- Karda

With that attitude the US would still be subject to the UK. The Apollo 13 astronauts would have died in space. Randy Quaid and Will Smith would never have defeated the aliens.

A fence is a pretty simple component. Like my last post, I’d probably start by opening the existing holes. But a DIY fence doesn’t have to be complex. And can be done with minimal tools.

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Karda

3241 posts in 1712 days


#10 posted 06-19-2021 09:54 PM

yea that is one of my biggest problems, I have been working all my life to counter it. i dismantled the fence I reversed the black thing, won’t work that way. it is as long as it is there is no way to get it to catch lower on the table. the only way i can see to fix it is to add a piece of metal that will span the miter slot to the black thing. The only way that can be done is to weld it

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Wood_Scraps

172 posts in 177 days


#11 posted 06-20-2021 06:34 AM



yea that is one of my biggest problems, I have been working all my life to counter it. i dismantled the fence I reversed the black thing, won t work that way. it is as long as it is there is no way to get it to catch lower on the table. the only way i can see to fix it is to add a piece of metal that will span the miter slot to the black thing. The only way that can be done is to weld it

- Karda

No worries. We all have our struggles. Not too long ago I wouldn’t have considered myself mechanically inclined. It really comes down to confidence. And a decision to just give it a shot.

Tasks don’t need to be complicated or esoteric. And there are often a variety of ways to skin a cat. Maybe it means failing a few times. But with each failure you come away with some new knowledge.

For your issue, I’d go a ton of other routes before trying my hand at welding. I’m surprised you can’t drop the tab just a bit lower. Looks like you’ve got about 1/4” of steel above the top fastener. Doesn’t look like you’d need much movement to get it below the miter slot.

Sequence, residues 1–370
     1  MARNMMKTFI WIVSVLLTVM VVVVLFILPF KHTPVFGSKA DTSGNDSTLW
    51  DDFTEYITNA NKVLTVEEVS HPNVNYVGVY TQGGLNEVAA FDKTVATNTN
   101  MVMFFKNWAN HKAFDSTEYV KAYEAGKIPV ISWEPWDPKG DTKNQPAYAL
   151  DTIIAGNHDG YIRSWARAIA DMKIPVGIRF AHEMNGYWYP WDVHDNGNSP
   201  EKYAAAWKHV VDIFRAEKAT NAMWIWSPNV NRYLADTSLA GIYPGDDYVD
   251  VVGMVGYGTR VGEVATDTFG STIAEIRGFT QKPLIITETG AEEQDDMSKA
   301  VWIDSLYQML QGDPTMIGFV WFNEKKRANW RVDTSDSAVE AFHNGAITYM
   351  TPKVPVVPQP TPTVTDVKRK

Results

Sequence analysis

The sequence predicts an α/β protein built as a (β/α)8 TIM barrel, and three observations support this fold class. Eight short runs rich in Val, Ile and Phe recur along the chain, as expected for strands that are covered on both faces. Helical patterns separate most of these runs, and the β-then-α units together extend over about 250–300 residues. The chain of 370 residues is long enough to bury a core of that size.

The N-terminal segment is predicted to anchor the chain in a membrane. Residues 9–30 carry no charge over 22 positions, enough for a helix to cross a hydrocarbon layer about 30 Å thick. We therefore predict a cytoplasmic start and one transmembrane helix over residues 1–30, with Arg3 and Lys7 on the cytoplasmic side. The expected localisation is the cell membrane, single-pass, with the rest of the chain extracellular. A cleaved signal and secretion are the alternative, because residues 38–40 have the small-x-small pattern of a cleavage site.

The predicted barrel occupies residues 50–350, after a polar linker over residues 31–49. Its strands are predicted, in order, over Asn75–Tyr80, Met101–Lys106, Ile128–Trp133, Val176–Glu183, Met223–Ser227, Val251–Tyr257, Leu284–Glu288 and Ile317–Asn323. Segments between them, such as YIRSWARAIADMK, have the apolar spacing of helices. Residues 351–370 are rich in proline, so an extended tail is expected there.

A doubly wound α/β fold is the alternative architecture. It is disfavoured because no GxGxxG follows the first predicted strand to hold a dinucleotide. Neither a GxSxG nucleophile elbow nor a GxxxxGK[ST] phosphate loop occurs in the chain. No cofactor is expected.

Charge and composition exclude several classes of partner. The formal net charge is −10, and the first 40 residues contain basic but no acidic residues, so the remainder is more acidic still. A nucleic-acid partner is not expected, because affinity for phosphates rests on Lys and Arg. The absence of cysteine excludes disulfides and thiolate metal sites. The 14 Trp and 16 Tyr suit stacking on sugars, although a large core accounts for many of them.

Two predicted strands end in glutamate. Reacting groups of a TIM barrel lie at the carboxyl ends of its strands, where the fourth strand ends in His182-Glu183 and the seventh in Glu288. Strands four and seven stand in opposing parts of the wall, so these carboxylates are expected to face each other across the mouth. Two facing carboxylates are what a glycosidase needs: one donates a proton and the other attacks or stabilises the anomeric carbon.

Thinking out loud, is there enough clearance between the tab and table to slip a U nut over the bottom of the tab? They’re pretty low profile, while also being fairly rigid. Might just add enough length to it for adequate engagement.

For reference, this is what I’m thinking of…

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northwoodsman

617 posts in 4905 days


#12 posted 06-20-2021 01:19 PM

Karda – the problem only exist if your fence is over the miter bar slot, correct? When you get in that situation just clamp a 1” x 3” onto the face of the fence which allow you to slide the fence over another 3/4” to catch the back edge of the table next to that slot. Send me an email with your address and I’ll even send you a set of clamps to use for free. I have these and have never used them. Don’t over think this.

https://www.rockler.com/universal-fence-clamps

-- NorthWoodsMan

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ohtimberwolf

1097 posts in 3511 days


#13 posted 06-20-2021 03:37 PM

I would try a thinish flat, narrow piece of metal a couple of inches long stuck on the fence with double faced tape to the clamping area.
Simple nearly cost free test and nothing to lose.

I have used the clamps from rockler shown above but sometimes that is a pain also but quite handy at times.

-- Just a barn cat, now gone to cat heaven.

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Karda

3241 posts in 1712 days


#14 posted 06-20-2021 05:24 PM

thanks for the tape idea. My next big challenge is to get my fence put back together. have you heard the difference between a man and a boy, a man has learned to put together what he has disassembled, well I am still a preteen.

View Kelly's profile

Kelly

3647 posts in 4102 days


#15 posted 06-20-2021 06:18 PM

A bazillion years ago, give or take forty-five, I altered a fence like this by adding a piece of metal to back the stock one, which solved a few problems, though not set up ones.

For accurate set ups, I invented a solution, which proved useful for not only set ups, but for alinging the saw and as a tool for cabinet work:

https://www.instructables.com/Table-Saw-Set-up-Guide-Gauge/